Striped or banded tail

A short portion of the tail shows what appears to be pale banding as shown below.

While the Tasmanian tiger does not have stripes on its tail, its tail could sometimes appear striped due to the vertebrae creating ridges which cast shadows. This may be the case in this image.

Tail is slightly transparent

At one point the tail passes in front of a small tree trunk, which is in the background. The left edge of that tree trunk appears visible where it is expected to cross the tail of the animal - see the closeup, below.

While this may be a cause for concern, there are other regions in the image showing significant pixelation - including in front of the same tree just above where the tail transects it. The effect may be due to the animal's movement combined with a long shutter speed. If this was a photograph captured by the camera - as opposed to a still frame from a video clip - then the shutter speed should be able to be determined from the EXIF (metadata) information associated with the photo. However this will not be present in the Youtube video. Personally, I find this a notable detail but not necessarily inconsistent with the expected quality of a trail camera image.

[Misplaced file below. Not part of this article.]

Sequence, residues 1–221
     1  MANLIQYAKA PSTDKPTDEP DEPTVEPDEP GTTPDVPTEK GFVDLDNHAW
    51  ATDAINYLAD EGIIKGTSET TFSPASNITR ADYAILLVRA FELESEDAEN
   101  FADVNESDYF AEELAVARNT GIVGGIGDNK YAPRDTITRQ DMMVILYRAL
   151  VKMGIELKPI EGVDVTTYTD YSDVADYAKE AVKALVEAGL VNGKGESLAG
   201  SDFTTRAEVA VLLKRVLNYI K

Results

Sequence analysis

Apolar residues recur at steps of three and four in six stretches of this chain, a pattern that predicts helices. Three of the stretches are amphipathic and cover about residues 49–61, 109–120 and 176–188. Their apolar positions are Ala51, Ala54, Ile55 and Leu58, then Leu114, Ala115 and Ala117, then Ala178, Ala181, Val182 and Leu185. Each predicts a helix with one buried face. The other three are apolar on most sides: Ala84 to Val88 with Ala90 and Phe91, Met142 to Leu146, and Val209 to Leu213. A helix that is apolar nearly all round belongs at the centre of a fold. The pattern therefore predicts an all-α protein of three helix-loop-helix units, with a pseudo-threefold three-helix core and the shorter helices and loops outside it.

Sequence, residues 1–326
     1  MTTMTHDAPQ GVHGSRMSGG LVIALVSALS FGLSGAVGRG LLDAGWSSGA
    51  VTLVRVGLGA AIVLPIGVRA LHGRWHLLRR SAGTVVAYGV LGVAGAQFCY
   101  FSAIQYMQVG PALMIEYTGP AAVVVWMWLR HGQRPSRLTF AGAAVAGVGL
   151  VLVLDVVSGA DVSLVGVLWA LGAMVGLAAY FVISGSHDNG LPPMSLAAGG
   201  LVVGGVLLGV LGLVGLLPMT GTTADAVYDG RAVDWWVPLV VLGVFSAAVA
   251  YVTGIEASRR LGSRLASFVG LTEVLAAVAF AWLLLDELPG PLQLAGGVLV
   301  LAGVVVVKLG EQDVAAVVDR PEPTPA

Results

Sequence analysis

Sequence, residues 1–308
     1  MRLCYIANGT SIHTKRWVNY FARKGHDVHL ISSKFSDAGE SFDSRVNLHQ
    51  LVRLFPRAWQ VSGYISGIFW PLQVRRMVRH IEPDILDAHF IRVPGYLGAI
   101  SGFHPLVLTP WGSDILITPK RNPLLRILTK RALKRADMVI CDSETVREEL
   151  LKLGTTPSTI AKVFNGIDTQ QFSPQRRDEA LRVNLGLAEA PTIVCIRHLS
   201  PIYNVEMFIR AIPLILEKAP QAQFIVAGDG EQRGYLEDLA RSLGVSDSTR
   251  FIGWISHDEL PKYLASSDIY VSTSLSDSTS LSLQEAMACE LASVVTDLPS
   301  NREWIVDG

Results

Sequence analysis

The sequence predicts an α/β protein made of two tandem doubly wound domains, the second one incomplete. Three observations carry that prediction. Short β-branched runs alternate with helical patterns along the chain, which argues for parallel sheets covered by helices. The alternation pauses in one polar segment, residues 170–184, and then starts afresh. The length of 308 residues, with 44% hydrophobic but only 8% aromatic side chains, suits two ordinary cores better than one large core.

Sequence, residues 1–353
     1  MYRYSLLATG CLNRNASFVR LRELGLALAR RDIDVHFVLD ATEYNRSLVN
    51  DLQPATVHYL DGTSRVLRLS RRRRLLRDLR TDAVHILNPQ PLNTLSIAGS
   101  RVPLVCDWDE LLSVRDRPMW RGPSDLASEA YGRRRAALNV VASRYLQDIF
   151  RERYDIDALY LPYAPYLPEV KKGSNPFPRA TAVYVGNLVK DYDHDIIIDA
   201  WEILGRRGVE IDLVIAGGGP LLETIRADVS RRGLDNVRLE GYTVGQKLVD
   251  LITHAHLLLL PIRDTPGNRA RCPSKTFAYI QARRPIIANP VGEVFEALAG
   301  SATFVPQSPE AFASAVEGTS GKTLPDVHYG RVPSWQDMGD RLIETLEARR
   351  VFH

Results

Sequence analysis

Pouch young?

If the genital region of the animal is inspected closely, there appears to be a tiny protrusion which may be consistent with the tail of a very small pouch young. See the image below.

There are very few photographs or film footage still frames showing adult female thylacines with pouch young in pouch. The painting by Joseph M Gleeson shown below illustrates how the pouch young lay within the pouch, with tail protruding as possibly seen in the YouTube image above.

If the YouTube image shows pouch young, then the young would appear smaller than that shown in the painting.

While new research exists by Sleightholme and Campbell giving a reconsidered calendar for the Tasmanian tiger's breeding season, the YouTube video only presents year of capture (2016) and not month. Therefore we cannot attempt to compare the size of the possible pouch young with what would be expected for the time of year at which this capture was made.